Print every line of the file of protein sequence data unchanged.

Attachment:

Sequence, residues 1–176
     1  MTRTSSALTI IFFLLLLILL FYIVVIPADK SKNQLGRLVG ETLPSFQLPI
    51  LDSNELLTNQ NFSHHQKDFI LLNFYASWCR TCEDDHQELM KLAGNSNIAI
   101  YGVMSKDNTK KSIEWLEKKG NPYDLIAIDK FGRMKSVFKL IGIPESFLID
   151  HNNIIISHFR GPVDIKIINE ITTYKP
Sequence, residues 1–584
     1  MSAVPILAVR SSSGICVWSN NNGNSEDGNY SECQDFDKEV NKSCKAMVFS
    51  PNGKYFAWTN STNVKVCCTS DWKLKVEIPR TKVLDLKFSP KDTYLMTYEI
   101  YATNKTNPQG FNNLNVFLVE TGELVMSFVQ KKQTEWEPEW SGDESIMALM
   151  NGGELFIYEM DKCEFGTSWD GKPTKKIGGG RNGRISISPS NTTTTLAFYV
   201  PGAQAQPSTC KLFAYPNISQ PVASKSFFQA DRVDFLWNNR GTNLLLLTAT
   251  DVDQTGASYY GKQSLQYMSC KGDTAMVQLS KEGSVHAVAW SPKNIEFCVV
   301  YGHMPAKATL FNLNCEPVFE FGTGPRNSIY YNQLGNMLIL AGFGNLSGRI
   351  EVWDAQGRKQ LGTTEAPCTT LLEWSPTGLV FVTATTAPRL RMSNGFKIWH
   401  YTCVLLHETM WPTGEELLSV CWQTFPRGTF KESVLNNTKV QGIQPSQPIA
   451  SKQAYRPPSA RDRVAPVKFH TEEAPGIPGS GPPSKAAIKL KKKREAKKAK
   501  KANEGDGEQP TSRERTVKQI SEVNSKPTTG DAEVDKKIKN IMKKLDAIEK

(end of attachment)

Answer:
Sequence, residues 1–176
     1  MTRTSSALTI IFFLLLLILL FYIVVIPADK SKNQLGRLVG ETLPSFQLPI
    51  LDSNELLTNQ NFSHHQKDFI LLNFYASWCR TCEDDHQELM KLAGNSNIAI
   101  YGVMSKDNTK KSIEWLEKKG NPYDLIAIDK FGRMKSVFKL IGIPESFLID
   151  HNNIIISHFR GPVDIKIINE ITTYKP
Sequence, residues 1–584
     1  MSAVPILAVR SSSGICVWSN NNGNSEDGNY SECQDFDKEV NKSCKAMVFS
    51  PNGKYFAWTN STNVKVCCTS DWKLKVEIPR TKVLDLKFSP KDTYLMTYEI
   101  YATNKTNPQG FNNLNVFLVE TGELVMSFVQ KKQTEWEPEW SGDESIMALM
   151  NGGELFIYEM DKCEFGTSWD GKPTKKIGGG RNGRISISPS NTTTTLAFYV
   201  PGAQAQPSTC KLFAYPNISQ PVASKSFFQA DRVDFLWNNR GTNLLLLTAT
   251  DVDQTGASYY GKQSLQYMSC KGDTAMVQLS KEGSVHAVAW SPKNIEFCVV
   301  YGHMPAKATL FNLNCEPVFE FGTGPRNSIY YNQLGNMLIL AGFGNLSGRI
   351  EVWDAQGRKQ LGTTEAPCTT LLEWSPTGLV FVTATTAPRL RMSNGFKIWH
   401  YTCVLLHETM WPTGEELLSV CWQTFPRGTF KESVLNNTKV QGIQPSQPIA
   451  SKQAYRPPSA RDRVAPVKFH TEEAPGIPGS GPPSKAAIKL KKKREAKKAK
   501  KANEGDGEQP TSRERTVKQI SEVNSKPTTG DAEVDKKIKN IMKKLDAIEK